The show also broke ground with episodes that look brilliant in retrospect and are so well-copied that we think nothing of them anymore. Killing Col. Henry Blake (MacLean Stevenson) after he’d been sent home, was a masterstroke. In the rightfully famous episode, Radar O’Reilly (Gary Burghoff) comes in and somberly lets the doctors of the OR know the news, devastating both Blake’s friends and the audience as well.
Another landmark episode was “The Interview,” the last that Gelbart delivered before moving on to other things. In it, they had the cast interview with a real news reporter in-character. The mix of sharp scripted responses and improv created one of the most compelling half-hours of television I’ve ever seen.
These episodes set the template of how you could stretch the narrative of a television show and we now see these stretches all the time. There’s a lot left to study about M*A*S*H and we’ll be seeing shows emulating it for the foreseeable future.
One aspect of the show that feels relevant today is Frank Burns (Larry Linville). Burns is a flag-waving buffoon of the highest order. He is a dyed-in-the-wool conservative and hates everything about the progress made by Franklin Roosevelt. He treats the locals in Korea as though they’re animals and he believes whole-heartedly in the war and the American correctness of it all. He paints himself as a true patriot and feels like a completely relevant caricature of the jingoistic Trump supporters we see in our world today. Like Burns, they would rather wave flags and proclaim their own importance than have an ounce of empathy or learn what the right thing to do might be. Burns is an authoritarian, and we see the dangers of letting an authoritarian get command every time Burns is left in charge of the camp.
It wasn’t that M*A*S*H was somehow more prescient, but it was better at reading the room. Those authoritarian and jingoistic impulses lead to fascism. They always have. They are currently. It never ends well. Revisiting the series and seeing Burns brilliantly played as a complete buffoon no one takes seriously was a perfect antidote to the things I still see on the news today.
Hawkweye Pierce, played brilliantly by Alan Alda, is the beating heart of the show and its most important moral compass. His compassion and righteous fury added as much drama as the alleged comedy could bear. Alda threads the needle between the poles of comedy and drama, giving the show a gravitas that could sneak up on you if you weren’t careful.
Alda was the mouthpiece for the progressive vision of the show, and he found that important before he even agreed to take the part. In an interview with Forbes in 2013, he said that his “heart was always against any war,” and explained that the only way M*A*S*H “could make a point about war was to be truthful about the Korean War.” And truthful they were.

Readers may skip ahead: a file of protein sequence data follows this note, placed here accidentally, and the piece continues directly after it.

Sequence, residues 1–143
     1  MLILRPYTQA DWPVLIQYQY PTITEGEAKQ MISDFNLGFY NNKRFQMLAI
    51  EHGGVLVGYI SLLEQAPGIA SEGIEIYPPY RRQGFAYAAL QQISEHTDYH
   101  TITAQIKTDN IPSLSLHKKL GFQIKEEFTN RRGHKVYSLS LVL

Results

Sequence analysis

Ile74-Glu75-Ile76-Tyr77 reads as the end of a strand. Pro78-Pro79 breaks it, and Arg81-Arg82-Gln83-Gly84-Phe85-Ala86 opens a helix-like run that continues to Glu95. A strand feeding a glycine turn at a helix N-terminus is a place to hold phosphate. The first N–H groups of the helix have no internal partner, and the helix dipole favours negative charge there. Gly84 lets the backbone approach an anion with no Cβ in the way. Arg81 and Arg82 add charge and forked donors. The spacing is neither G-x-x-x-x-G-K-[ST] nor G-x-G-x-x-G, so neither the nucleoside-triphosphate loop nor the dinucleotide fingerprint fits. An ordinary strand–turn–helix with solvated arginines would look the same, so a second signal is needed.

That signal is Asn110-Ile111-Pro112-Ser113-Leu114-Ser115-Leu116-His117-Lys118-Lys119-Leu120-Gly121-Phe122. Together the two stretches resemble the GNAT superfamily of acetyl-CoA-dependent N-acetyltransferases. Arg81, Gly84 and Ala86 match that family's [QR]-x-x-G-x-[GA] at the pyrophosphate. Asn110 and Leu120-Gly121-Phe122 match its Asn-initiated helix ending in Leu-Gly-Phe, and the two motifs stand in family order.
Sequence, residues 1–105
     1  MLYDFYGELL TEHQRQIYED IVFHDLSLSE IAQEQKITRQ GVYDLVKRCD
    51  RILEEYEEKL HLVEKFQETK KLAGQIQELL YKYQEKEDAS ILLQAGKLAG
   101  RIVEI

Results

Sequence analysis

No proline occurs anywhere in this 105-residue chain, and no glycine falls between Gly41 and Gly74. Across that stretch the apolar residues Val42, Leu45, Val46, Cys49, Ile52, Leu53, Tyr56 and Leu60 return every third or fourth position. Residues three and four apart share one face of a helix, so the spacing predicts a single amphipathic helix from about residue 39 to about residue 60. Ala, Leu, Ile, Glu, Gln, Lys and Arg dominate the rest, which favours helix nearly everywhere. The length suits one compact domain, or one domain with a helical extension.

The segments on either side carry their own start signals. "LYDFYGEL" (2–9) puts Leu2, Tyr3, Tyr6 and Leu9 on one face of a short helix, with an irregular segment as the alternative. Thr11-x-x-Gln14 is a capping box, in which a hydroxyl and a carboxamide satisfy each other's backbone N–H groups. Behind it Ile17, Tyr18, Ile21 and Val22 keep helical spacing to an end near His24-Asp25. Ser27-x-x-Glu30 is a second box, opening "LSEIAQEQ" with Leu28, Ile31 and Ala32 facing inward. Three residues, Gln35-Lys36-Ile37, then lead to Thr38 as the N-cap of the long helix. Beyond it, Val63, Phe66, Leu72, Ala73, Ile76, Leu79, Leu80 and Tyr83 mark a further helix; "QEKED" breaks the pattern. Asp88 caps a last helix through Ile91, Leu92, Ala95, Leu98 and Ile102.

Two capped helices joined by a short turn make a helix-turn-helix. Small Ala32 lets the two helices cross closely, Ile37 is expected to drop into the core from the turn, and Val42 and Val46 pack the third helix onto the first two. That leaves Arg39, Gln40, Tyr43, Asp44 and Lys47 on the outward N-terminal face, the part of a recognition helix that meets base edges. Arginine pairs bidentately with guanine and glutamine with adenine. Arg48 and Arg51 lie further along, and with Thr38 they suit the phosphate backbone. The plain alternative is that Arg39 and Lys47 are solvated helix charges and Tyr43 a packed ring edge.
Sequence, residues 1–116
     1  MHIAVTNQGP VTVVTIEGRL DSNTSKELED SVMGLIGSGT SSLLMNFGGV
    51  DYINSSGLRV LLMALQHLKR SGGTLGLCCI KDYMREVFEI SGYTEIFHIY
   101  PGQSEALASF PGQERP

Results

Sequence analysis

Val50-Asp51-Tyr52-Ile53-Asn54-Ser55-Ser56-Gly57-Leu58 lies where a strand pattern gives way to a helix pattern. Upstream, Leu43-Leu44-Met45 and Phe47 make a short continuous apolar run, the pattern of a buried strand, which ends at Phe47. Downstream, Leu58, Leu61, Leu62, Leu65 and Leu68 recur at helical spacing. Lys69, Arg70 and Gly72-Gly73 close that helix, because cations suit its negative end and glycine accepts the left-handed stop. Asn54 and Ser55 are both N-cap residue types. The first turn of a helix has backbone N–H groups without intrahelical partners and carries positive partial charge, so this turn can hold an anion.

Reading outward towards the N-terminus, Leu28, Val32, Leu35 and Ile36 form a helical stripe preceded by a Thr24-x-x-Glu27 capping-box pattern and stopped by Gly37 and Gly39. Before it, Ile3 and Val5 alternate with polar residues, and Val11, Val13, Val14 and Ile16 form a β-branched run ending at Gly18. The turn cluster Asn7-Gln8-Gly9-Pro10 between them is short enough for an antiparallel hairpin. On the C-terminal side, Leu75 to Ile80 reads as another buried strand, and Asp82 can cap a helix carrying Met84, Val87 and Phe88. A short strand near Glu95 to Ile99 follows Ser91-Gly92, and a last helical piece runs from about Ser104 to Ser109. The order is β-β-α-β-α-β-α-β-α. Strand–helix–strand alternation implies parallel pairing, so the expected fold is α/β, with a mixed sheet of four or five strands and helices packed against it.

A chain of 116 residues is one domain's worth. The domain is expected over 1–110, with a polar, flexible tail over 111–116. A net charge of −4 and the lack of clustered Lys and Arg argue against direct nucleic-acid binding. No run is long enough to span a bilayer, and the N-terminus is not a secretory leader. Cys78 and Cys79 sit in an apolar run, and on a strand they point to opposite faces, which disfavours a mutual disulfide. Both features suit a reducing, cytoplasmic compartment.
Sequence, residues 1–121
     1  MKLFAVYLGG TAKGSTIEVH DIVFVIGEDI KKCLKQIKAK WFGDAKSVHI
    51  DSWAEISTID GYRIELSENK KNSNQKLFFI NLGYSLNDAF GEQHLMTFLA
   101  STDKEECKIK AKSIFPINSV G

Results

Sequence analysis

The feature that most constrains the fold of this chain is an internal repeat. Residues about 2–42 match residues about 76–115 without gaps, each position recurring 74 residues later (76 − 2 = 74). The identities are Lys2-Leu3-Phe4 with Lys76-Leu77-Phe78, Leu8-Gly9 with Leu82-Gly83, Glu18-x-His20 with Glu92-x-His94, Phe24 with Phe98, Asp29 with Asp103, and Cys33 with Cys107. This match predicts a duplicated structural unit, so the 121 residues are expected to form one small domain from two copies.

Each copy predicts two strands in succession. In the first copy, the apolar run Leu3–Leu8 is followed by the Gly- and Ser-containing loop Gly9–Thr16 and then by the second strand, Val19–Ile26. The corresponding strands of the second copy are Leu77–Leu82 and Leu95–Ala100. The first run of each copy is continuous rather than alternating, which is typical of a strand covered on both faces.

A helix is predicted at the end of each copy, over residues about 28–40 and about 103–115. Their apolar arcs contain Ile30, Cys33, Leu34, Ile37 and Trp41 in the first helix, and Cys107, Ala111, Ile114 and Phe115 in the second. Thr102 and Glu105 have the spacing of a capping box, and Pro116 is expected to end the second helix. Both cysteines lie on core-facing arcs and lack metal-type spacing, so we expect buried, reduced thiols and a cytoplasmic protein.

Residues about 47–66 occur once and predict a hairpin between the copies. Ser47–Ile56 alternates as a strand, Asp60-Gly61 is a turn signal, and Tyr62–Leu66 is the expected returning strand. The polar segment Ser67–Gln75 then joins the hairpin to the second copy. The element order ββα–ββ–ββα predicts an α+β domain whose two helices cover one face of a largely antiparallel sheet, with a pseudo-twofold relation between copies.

For 11 years as the show ran, they told many pointed stories about the war. When the show started, the United States was embroiled in Vietnam, and having such popular anti-war programming about a war couldn’t have hurt the case for peace in that conflict.
For Alda’s part, he never stopped being a moral compass for us, the impassioned viewer. It’s no surprise that Alan Alda ended up becoming a creative consultant on the show and won Emmys for writing and directing as well as acting. He inhabited the role and brought those lessons to the world for the 11 years M*A*S*H was on the air.
Even still, he persists.
“Almost 63 million people voted for Donald Trump in 2016, but in 1983, more than 106 million people watched the last episode of M*A*S*H. So, it seems that by this president’s standard, I’m a bigger deal than he is,” Alda wrote in the Washington Post last month. He brought back the voice of the show and the morals it espoused to plead with the world to vote against Donald Trump.
“Trump once said he could shoot someone on Fifth Avenue without consequences. At this moment, we are all on Fifth Avenue,” he wrote.
Thankfully, people listened.
Back to the Swamp
If episodes of M*A*S*H were to air today, no doubt the network would be getting letters from angry Trump supporters asking why they allowed snowflakes and SJWs to be put in charge of a show set during the Korean War that featured soldiers and doctors and combat. They wouldn’t like having a finger wagged in their face about how wrong the concept of war was. And they certainly wouldn’t like the sacred lambs of capitalism and war profiteering and geopolitics being made the butt of jokes. And they would absolutely not love to see themselves represented by characters like Frank Burns and Charles Emerson Winchester III (David Ogden Stiers), as they were usually the butt of the joke, too.
But those worldviews are jokes. And M*A*S*H showed us how to laugh at them.
Go back and revisit the series. It’s streaming on Hulu. You’ll find it relevant, hilarious, and heartbreaking in equal measure. It’s just what the surgeon who sounds like Groucho Marx ordered.
The post Decades Ago, ‘MASH’ Fought for the Soul of America – Its Battle Continues Today appeared first on /Film.